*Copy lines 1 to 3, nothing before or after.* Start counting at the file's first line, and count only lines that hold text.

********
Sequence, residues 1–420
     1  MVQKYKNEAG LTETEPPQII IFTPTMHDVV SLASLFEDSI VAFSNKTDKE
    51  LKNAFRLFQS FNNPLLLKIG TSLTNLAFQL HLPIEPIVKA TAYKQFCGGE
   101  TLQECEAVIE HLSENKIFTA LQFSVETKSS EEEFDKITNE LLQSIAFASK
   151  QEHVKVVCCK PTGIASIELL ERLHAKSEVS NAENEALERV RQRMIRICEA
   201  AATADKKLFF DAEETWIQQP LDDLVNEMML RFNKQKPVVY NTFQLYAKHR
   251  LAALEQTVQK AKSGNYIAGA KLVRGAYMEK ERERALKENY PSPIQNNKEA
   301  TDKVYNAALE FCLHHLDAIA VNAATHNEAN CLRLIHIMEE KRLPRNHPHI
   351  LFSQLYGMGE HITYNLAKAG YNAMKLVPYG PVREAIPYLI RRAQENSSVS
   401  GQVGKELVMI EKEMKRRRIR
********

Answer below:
Sequence, residues 1–420
     1  MVQKYKNEAG LTETEPPQII IFTPTMHDVV SLASLFEDSI VAFSNKTDKE
    51  LKNAFRLFQS FNNPLLLKIG TSLTNLAFQL HLPIEPIVKA TAYKQFCGGE